You may have heard there’s power in gratitude. But did you know that power is measurable? When it comes to thanking employees, the writing is on the wall. Research from Bersin by Deloitte shows that effective recognition lowers turnover rates by 31 percent. And, when Gallup compared companies with high engagement scores (including those with employee appreciation programs) to those with low scores, they found those on top averaged 22 percent higher profitability. Finally, a joint study between Globoforce and the Society for Human Resource Management (SHRM) cites a 32 percent increase in productivity for companies that practice peer-to-peer strategic recognition.
There are endless studies like these confirming employee appreciation programs are valuable. But what is it about simply thanking employees for a job well done? The science behind the act of thanking employees is eye opening. As Nicole Lazzaro of XEODesign recently explained to TechnologyAdvice.com, there are four major chemicals in the brain that influence our happiness: Dopamine, Oxytocin, Serotonin and Endorphins (DOSE). These chemicals are released in different ways when we feel appreciated.
- Dopamine is a “striving” emotion and can be released when something good (like a pat on the back) is anticipated.
- Oxytocin is triggered through social bonding, like eye contact, attentiveness and, yes, being thanked in person.
- Seratonin is responsible for mood. Lazzaro explains that 80 percent of serotonin exists in the gut and can be affected by how hungry a person is. So, in a way, it really does makes food being the way to a person’s heart and, perhaps, makes a thank you lunch even more effective.
- Endorphins mask pain and discomfort. Smiling can create endorphins that can help alleviate a stressful situation, which makes thanking employees for trying when the chips are down even more important.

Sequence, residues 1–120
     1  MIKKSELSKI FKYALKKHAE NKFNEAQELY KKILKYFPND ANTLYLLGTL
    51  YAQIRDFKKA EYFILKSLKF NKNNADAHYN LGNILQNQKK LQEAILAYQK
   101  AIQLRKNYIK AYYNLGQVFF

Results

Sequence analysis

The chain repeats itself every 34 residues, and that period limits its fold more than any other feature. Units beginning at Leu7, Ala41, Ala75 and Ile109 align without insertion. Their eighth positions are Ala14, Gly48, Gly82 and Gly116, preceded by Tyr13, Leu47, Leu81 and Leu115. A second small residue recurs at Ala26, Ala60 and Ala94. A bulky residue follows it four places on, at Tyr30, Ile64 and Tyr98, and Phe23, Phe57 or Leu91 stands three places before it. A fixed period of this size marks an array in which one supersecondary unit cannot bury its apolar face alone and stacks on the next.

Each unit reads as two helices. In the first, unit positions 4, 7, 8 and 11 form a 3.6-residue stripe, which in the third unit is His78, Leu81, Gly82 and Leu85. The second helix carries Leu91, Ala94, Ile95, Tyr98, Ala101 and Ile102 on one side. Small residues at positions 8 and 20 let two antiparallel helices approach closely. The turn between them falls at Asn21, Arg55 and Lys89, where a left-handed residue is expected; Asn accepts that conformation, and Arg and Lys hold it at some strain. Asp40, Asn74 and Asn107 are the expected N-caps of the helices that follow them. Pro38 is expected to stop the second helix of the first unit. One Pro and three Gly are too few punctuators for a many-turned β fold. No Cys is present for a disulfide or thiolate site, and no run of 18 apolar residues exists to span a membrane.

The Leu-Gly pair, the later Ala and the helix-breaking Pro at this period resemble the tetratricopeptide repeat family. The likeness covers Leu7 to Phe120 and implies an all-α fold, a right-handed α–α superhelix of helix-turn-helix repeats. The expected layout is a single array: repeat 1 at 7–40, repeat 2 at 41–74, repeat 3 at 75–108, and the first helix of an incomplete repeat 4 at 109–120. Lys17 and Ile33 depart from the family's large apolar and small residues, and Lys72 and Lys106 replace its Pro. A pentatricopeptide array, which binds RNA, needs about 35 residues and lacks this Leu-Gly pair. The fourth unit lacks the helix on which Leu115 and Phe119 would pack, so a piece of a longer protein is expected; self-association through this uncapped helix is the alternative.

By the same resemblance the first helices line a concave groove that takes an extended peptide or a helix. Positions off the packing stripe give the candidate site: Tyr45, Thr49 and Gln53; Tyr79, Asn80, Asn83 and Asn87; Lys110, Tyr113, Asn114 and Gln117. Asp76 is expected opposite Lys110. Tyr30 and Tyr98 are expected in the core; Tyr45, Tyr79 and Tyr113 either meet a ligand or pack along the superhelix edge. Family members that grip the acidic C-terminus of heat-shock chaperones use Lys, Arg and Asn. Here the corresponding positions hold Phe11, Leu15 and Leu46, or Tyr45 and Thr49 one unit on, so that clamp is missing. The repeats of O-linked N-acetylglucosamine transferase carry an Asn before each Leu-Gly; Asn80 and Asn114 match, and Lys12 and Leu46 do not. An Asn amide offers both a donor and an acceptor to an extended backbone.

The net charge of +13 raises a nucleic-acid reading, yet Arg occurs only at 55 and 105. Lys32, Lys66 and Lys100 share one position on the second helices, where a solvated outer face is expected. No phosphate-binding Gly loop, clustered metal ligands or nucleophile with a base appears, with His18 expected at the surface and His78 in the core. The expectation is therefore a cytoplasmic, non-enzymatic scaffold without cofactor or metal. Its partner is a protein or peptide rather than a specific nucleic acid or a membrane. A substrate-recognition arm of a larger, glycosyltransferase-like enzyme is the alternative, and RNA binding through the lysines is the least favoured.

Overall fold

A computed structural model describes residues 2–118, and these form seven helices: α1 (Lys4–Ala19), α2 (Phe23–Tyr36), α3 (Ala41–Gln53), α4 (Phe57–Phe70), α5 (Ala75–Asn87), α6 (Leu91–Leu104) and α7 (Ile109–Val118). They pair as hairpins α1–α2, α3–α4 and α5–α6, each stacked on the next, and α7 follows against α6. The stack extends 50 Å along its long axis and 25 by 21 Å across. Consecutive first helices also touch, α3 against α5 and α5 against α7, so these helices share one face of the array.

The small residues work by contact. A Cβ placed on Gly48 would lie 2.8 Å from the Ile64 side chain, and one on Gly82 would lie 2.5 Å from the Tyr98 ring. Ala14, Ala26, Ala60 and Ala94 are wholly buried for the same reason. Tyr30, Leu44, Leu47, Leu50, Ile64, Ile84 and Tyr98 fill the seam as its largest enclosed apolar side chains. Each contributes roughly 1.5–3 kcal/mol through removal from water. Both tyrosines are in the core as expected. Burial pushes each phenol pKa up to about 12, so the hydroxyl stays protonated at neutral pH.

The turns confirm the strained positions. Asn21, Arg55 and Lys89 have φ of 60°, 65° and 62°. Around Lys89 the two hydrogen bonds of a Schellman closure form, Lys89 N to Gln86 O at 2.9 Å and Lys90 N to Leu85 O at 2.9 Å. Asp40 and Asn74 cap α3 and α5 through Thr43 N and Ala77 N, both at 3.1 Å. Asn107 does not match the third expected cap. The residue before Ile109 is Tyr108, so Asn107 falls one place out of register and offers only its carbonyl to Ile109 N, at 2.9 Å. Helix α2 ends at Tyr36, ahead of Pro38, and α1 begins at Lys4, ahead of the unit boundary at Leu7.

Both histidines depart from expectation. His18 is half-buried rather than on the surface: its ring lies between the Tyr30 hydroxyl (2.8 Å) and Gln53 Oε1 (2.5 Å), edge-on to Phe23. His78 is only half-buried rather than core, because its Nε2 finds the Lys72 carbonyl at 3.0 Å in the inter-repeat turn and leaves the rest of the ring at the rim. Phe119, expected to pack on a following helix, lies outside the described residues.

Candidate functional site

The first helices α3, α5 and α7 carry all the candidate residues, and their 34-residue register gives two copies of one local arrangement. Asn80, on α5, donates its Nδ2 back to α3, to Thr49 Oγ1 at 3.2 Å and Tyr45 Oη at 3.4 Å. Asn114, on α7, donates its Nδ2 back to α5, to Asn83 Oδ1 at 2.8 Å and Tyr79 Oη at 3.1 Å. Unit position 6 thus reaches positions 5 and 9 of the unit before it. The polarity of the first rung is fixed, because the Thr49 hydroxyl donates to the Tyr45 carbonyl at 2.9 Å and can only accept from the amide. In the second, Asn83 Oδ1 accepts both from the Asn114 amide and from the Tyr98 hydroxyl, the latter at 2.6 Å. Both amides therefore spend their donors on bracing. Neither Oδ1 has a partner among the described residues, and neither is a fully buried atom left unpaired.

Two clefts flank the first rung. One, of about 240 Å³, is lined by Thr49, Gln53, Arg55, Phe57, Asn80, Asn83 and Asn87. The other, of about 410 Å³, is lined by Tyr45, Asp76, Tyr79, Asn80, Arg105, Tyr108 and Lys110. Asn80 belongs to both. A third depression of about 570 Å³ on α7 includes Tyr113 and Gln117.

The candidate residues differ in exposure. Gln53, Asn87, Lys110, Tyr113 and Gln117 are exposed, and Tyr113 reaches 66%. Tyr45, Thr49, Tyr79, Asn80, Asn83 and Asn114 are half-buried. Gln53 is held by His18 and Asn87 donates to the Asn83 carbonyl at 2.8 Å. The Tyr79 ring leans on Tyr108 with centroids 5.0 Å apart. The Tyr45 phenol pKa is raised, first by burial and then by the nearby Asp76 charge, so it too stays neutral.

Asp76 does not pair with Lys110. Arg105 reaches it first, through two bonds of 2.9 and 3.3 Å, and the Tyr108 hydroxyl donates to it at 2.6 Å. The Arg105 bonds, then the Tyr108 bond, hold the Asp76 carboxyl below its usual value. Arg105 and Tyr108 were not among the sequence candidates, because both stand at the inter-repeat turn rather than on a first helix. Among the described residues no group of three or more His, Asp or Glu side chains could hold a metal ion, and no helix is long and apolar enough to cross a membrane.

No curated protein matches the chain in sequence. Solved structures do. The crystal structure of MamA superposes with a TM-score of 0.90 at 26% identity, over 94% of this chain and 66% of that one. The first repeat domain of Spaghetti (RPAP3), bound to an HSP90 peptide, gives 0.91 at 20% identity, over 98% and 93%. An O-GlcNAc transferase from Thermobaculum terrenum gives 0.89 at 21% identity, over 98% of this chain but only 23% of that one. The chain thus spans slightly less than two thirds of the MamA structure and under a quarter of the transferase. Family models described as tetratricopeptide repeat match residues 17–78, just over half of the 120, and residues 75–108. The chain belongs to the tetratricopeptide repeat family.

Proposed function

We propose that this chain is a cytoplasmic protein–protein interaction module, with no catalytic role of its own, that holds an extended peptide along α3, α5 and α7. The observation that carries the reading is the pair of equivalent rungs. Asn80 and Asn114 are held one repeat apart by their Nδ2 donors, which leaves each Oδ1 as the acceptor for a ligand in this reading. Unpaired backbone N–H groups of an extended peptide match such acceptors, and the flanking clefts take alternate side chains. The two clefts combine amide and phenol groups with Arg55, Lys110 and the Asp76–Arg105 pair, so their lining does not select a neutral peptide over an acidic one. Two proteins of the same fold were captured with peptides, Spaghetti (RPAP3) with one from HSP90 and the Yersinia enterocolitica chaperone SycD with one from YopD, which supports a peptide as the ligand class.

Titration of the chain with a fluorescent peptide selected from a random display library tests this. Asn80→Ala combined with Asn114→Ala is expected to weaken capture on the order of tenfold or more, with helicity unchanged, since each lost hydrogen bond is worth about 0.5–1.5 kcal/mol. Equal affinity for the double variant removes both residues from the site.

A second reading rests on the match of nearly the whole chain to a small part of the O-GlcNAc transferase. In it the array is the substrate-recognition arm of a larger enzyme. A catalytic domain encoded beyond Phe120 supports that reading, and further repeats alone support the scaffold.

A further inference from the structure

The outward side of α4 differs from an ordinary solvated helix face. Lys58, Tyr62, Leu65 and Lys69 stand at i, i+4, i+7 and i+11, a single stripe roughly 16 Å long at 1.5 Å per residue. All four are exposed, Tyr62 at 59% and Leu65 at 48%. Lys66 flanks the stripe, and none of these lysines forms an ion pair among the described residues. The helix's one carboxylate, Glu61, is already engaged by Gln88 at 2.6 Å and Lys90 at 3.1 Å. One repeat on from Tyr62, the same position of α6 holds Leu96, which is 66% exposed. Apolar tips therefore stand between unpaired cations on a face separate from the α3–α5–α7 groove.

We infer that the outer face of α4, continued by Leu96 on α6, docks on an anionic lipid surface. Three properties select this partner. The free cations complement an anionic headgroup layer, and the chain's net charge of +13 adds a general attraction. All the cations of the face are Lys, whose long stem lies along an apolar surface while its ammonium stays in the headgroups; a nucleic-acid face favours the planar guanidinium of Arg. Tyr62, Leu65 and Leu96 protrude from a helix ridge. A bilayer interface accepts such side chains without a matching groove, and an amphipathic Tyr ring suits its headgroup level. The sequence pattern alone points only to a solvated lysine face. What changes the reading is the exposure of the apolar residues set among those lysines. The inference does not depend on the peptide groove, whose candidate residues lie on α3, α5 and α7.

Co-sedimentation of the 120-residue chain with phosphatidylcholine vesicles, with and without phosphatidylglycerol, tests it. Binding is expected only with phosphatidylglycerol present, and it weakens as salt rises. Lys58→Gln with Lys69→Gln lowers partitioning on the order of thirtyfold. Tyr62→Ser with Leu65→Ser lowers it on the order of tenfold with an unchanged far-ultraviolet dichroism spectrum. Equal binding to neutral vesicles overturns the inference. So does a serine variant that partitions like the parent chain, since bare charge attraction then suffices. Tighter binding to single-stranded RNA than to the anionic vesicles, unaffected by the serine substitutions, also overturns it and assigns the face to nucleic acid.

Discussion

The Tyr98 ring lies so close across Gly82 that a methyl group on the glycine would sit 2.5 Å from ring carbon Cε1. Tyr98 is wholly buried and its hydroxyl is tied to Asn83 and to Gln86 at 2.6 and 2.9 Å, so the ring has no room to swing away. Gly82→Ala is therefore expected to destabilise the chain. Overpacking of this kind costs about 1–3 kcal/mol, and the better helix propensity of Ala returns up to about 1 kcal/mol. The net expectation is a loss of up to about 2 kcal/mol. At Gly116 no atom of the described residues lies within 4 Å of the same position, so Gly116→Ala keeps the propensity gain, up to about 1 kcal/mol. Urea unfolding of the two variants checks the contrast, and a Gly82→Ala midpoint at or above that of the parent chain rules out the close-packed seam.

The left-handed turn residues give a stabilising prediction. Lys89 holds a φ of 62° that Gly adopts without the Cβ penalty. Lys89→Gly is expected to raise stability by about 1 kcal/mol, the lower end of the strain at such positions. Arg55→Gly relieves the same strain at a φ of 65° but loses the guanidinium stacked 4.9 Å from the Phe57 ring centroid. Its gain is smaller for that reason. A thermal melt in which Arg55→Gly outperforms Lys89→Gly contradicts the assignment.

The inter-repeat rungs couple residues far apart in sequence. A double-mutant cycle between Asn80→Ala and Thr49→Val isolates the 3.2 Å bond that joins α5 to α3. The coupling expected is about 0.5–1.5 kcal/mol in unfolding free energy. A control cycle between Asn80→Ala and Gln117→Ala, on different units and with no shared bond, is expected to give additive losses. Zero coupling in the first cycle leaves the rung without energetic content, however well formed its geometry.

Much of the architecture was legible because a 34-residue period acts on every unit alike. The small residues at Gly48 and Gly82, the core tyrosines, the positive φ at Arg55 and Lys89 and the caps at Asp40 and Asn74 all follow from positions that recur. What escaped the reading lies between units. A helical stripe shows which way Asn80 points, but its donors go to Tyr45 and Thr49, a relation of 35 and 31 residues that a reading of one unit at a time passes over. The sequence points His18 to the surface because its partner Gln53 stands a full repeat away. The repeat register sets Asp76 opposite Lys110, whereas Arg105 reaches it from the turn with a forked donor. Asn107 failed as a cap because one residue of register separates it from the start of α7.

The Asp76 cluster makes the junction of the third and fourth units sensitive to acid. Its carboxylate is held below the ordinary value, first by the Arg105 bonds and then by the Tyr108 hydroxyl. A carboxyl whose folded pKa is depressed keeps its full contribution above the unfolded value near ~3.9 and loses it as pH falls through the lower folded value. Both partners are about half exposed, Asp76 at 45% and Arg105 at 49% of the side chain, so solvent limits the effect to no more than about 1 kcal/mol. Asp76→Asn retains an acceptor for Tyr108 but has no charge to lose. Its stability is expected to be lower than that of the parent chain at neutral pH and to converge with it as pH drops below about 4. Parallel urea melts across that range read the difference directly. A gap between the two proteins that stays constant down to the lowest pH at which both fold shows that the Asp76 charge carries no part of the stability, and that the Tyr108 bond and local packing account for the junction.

These are the most basic building blocks that make employee appreciation programs so successful. But what about thanking job candidates? Author Maya Angelou famously said, “I’ve learned that people will forget what you said, people will forget what you did, but people will never forget how you made them feel.”
In the current business climate, when top candidates are difficult to attract, it’s important to ensure those who don’t make the final cut feel appreciated for their time. Forbes Contributor Liz Ryan suggests the best way to do this is through a phone call, not a form letter.
“You can call each applicant on the phone and very quickly explain that you’re making an offer (or have already made an offer, which was accepted) to someone else,” she says. “That’s more professional, more personal and more upright than [a] wimpy form letter. If you say ‘I have too many candidates to be able to do that’ then you are interviewing too many people!”
Gratitude can benefit you, as well. It can even improve your health. Grateful people experience fewer aches and pains and they report feeling healthier than other people, according to a study published in Personality and Individual Differences. Amy Morin, a psychotherapist and the author of 13 Things Mentally Strong People Don’t Do, says gratitude can reduce toxic emotions including envy, resentment, frustration and regret. It can also help you sleep better, think better and feel better about yourself.
Have you said thanks to your employees lately? How about job candidates? If you have, tell us your approach. Do you think it makes you feel as good as it makes them feel? Let us know! Oh, and thank you for reading this post!
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